Napping at work can be perceived as lazy or selfish. You might have colleagues who think you’re taking unfair advantage or getting special treatment if you’re allowed to doze at work. Customers or clients who walk in or call during a nap period may also question your professionalism, which can have a negative effect on your reputation, and your company's reputation.

Increased Tiredness

For some people, a cat nap is refreshing; for others, it can lead to daytime drowsiness and make you feel even less rested than before you took the snooze. If it takes you awhile to perk up after sleep, the latter part of your workday could be slowed down. You may find it difficult to get refocused and not be as productive as necessary.

In some countries, an afternoon nap is part of everyday life. As explained on Sleep.org. The tradition began due to the fact that temperature climbed to such a degree, in the afternoons, that it is becomes too hot to be outside and therefore difficult for certain work to be carried out.

Over time, different cultures have tweaked the napping habit to suit their preferences. For example:

In China: Workers often take a break after lunch and put their heads on their desks for an hour-long nap. It’s considered a Constitutional right.

In Italy: The riposo may begin anytime between noon and 1:30pm and run until 2:30pm to 4:00pm. Businesses shut down, and public venues like museums and churches lock their doors so their employees can go home for a leisurely lunch and a snooze.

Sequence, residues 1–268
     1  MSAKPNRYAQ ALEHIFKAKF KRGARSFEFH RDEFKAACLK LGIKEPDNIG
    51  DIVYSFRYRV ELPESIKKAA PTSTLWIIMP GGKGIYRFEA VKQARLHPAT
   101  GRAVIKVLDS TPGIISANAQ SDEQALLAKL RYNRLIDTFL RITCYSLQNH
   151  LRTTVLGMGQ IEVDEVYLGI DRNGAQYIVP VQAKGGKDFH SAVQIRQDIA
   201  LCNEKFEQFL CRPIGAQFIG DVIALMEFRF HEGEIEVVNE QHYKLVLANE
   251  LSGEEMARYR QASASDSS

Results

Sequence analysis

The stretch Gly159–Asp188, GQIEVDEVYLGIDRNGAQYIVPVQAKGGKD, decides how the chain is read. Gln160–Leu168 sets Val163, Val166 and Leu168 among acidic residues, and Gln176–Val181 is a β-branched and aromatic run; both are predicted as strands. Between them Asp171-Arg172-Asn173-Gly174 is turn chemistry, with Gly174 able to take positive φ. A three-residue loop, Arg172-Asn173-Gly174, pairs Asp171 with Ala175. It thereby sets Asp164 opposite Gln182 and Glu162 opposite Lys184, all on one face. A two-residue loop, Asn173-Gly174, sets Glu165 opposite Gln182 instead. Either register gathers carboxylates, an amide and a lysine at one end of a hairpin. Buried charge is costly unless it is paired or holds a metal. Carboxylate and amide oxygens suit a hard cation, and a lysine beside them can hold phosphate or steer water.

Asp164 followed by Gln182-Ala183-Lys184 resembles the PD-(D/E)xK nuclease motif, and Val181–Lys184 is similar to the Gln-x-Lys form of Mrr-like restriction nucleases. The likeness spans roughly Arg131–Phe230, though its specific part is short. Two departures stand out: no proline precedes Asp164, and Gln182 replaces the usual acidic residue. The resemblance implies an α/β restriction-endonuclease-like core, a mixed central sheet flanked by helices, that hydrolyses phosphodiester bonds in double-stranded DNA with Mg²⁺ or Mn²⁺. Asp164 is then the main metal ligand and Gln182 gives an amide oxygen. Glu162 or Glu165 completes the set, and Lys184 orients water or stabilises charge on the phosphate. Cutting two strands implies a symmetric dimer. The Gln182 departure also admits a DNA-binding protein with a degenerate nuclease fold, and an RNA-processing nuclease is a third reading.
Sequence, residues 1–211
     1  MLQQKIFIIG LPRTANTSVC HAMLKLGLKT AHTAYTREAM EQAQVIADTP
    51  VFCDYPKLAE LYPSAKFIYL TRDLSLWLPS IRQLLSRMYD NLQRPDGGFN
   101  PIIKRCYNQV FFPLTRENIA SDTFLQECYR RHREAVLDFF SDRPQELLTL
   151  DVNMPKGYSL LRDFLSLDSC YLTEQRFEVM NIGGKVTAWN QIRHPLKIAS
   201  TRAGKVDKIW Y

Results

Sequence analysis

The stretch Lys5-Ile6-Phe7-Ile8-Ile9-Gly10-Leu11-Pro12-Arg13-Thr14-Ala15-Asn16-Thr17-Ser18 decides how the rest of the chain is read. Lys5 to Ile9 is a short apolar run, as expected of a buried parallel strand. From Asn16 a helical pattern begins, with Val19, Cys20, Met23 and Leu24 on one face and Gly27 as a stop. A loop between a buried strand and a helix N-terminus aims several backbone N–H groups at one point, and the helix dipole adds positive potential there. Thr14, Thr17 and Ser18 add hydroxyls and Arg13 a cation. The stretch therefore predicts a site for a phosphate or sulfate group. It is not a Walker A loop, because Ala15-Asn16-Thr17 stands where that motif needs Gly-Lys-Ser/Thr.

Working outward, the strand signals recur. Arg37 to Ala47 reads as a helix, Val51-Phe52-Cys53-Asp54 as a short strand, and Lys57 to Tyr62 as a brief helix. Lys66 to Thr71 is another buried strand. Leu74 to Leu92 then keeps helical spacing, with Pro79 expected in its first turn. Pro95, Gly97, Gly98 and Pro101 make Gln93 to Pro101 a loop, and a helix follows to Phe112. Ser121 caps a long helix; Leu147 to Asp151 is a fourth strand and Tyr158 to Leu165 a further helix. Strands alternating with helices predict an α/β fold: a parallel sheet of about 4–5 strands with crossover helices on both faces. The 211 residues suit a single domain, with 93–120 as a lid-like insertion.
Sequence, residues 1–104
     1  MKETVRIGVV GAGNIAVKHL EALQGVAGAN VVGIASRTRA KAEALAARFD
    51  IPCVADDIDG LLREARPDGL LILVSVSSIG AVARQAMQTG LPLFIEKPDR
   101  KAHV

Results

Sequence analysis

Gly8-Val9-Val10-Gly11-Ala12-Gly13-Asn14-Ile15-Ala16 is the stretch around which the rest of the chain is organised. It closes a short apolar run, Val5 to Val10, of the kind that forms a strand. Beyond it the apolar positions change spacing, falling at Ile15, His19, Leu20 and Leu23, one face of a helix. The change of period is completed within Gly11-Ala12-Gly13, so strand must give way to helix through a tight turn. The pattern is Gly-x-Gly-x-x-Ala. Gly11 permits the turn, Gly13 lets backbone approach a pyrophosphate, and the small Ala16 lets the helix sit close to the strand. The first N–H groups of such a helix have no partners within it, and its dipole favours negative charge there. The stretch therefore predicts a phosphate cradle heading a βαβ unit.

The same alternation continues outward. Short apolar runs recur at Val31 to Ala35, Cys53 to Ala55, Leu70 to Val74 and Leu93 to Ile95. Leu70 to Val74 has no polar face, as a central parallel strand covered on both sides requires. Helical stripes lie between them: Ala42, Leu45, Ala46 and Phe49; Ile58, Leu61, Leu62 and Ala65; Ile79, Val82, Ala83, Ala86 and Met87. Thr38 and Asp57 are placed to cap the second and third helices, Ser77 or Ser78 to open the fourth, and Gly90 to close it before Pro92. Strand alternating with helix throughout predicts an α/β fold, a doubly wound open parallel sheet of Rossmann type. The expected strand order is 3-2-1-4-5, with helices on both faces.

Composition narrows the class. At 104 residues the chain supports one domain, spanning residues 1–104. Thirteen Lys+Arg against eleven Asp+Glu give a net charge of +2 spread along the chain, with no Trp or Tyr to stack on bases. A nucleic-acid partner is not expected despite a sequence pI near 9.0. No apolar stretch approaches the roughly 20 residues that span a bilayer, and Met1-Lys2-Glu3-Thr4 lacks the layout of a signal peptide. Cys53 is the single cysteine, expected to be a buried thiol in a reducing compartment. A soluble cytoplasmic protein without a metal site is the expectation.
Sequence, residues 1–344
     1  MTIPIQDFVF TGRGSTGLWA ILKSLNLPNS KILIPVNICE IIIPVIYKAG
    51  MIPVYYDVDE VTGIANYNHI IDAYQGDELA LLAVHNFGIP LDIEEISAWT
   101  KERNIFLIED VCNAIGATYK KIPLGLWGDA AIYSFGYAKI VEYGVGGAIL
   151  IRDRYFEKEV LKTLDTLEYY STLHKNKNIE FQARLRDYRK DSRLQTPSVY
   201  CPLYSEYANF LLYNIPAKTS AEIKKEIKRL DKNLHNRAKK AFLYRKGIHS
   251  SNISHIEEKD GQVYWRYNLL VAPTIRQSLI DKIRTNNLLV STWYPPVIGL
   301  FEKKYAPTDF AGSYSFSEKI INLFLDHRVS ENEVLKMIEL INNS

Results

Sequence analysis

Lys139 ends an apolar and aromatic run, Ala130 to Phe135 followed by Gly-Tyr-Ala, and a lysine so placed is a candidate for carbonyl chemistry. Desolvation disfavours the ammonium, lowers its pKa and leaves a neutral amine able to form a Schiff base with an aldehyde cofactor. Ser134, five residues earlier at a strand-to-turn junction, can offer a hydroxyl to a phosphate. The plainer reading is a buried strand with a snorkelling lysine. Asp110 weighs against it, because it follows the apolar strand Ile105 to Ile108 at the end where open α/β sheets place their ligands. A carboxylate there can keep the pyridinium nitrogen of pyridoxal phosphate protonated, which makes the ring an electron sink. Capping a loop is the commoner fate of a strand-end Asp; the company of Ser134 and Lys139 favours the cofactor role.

In Spain: The siesta is deeply ingrained, as businesses often close for hours to accommodate the mid-day rest. While the siesta can span two hours, only a fraction of the time is actually spent napping; first, there’s lunch with family and friends, then a rest. Because of the mid-day break, people often work later into the evening.

Many people have advocated for the benefits of taking a regular nap. Albert Einstein claimed that his daytime naps to fuel that amazing brain of his. Other well-known “nappers” include Leonardo Da Vinci, Thomas Edison, Ronald Reagan, Aristotle and Margaret Thatcher. 

I’m no Einstein, but I do know that my afternoon nap leaves me feeling refreshed and ready for my next task. If you find that you are fading by mid-afternoon, why not try taking a few minutes to close your eyes and take a brief nap? 

You may find that, like me, it’s just the little boost you need to set you up for the rest of the working day.

About the Author

Martin Parnell is the Best-Selling author of MARATHON QUEST and RUNNING TO THE EDGE and speaks on having a “Finish the Race Attitude – Overcoming Obstacles to Achieve Your Full Potential”. Martin has written for, or been covered by CNNBBCCBCThe Huffington Post, The Globe and Mail, The National Post, Runners World, Men’s Journal, Canadian Business, and Maclean’s.

In a five year period, from 2010 to 2014, Martin completed 10 extreme endurance “Quests” including running 250 marathons in one year and raising $1.3m for the humanitarian organization Right To Play. Find out more about Martin at www.martinparnell.com  and see what he can do for you in the long run.